(3) The film is colorless, transparent, tasteless, odorless, non-toxic and edible. It is usable as a coating, packaging material, binder or a vehicle for food products, feeds and pharmaceuticals. The film may be desirably colored, seasoned, or flavored.
(4) The film is fat-resistant. It is highly resistant to fat-soluble vitamins and fat-rich food products.
(5) The film is high in gas-barrier and flavor-locking abilities, but very low in oxygen-, air- and flavor-permeabilities. Either coating, packaging or sealing with the film stops the permeance of oxygen or air to effectively prevent the deterioration of food products, e.g. perishables, such as egg and fruit; fat-rich foods, such as dried fish, butter, cheese and chocolate; processed foods, such as ham and sausage; pharmaceuticals, such as vitamin, enzyme, hormone and antibiotics; seeds; and metals. The flavor-locking ability helps the film to prevent dispersion of the fragrances and/or aromas of fruit, tobacco and flavor.
(6) The film neither salts out nor loses its coating- and adhering-abilities when used for coating or packaging salts due to its high resistance to salts. It may be used to package or coat a salt, e.g. sodium chloride, potassium chloride, magnesium chloride, calcium chloride, etc; salt-rich food products, e.g. disjointed cod roe; laver; sesame; and/or a mixed seasoning, directed to "nigirimeshi (rice ball)" or "tsukemono (pickles)".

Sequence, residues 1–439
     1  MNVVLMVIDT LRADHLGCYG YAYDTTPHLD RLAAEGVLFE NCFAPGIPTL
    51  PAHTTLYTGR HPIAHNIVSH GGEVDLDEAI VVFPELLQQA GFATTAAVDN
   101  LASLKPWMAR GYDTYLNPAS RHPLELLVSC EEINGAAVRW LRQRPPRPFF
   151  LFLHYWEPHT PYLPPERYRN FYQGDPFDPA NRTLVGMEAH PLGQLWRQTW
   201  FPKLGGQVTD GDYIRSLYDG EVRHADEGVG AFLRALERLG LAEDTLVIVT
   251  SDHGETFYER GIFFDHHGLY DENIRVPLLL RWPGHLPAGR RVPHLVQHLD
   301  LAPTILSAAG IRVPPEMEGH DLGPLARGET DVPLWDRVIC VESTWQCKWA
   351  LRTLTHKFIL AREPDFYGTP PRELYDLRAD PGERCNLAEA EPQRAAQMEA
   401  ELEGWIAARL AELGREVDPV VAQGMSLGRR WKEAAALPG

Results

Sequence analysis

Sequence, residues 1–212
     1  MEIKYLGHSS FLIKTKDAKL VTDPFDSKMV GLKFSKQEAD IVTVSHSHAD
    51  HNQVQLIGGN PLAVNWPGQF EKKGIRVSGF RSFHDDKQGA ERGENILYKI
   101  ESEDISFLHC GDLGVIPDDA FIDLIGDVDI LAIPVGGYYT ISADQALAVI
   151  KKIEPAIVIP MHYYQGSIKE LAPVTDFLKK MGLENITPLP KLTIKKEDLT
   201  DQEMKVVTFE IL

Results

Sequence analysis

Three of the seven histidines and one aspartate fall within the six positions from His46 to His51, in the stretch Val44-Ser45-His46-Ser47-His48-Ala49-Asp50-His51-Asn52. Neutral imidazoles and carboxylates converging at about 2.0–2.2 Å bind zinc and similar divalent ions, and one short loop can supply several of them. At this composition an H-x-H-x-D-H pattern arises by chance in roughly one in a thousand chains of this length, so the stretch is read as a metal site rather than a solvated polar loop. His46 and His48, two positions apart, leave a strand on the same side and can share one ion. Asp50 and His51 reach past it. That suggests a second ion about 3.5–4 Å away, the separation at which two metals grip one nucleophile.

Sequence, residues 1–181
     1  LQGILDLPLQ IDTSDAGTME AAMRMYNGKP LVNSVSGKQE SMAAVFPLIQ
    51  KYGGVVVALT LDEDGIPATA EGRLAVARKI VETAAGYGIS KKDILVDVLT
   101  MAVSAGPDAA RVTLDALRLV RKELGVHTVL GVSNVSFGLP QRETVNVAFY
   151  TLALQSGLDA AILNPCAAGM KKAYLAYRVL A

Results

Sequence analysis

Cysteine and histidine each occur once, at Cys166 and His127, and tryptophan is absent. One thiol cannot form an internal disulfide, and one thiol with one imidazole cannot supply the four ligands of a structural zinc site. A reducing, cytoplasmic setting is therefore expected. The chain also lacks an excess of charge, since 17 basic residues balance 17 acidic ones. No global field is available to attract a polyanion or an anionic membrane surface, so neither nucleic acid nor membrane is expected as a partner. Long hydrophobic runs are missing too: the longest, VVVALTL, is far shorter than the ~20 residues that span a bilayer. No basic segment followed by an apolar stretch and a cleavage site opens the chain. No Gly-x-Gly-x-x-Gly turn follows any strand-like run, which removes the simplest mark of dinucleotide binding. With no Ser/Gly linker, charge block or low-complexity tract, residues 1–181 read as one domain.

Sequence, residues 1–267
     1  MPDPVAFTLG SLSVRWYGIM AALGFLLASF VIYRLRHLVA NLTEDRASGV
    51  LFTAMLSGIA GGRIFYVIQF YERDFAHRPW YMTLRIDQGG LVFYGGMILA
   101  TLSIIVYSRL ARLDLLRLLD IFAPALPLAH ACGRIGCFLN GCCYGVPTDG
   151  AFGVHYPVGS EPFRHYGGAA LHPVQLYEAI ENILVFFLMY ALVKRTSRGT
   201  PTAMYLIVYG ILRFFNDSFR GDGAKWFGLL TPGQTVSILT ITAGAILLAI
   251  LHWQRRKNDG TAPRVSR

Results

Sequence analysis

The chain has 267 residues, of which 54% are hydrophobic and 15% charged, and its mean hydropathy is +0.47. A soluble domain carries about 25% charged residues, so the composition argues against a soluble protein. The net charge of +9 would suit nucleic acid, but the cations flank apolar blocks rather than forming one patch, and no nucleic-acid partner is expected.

The gradually disintegrable molded article of the invention will be explained with reference to the following experiments using tablets.
Fifty-two and half grams of a mixture wherein pullulan and a polysaccharide were formulated as shown in Table 1 was dissolved in water by heating, filtered, concentrated in vacuo to about one-third in volume, and added with three volumes of methanol. The resultant sediment was recovered, dried in a stream of 40° C. air, and pulverized to obtain a powder mixture containing pullulan and the polysaccharide. The control powder was prepared similarly as above only with 52.5 g of pullulan.
TABLE I______________________________________Several mixtures of pullulan and polysaccharideNo. Formulation______________________________________1 50.0 g pullulan + 2.5 g gum arabic2 50.0 g pullulan + 2.5 g dextran3 50.0 g pullulan + 2.5 g elsinan4 50.0 g pullulan + 2.5 g guar gum5 50.0 g pullulan + 2.5 g carrageenan6 50.0 g pullulan + 2.5 g gum karaya7 50.0 g pullulan + 2.5 g konjak mannan8 50.0 g pullulan + 2.5 g locust bean gum9 50.0 g pullulan + 2.5 g pectin10 50.0 g pullulan + 2.5 g tara gum11 50.0 g pullulan + 2.5 g gum tragacanth12 50.0 g pullulan + 2.5 g xanthan gum13 52.5 g pullulan (control)______________________________________
Each powder, prepared in Experiment 1, was admixed with bromothymol blue (BTB) as an indicator for distintegration to give a BTB content of 5 mg/tablet, and directly prepared into tablets, 12 mm in diameter, 3 mm in thickness and about 0.45 g in weight, with a tableting machine.
The disintegration test on each tablet, prepared in Experiment 2, was carried out in accordance with the Japanese Pharmacopoeia: Three samples were placed in a disintegration tester, and subjected to a sucessive up- and down-motion, magnitude of 50 mm and frequency of 30 cycles/min, in 820 ml of 37° C. distilled water. In the course of the disintegration, the water was periodically sampled, and tested on the dissolution of the tablets. The BTB, released in the distilled water as the progress of the disintegration, was determined at the same time by measuring the absorbance of the water at 430 nm, and then the release ratio (%) to the total BTB release was calculated.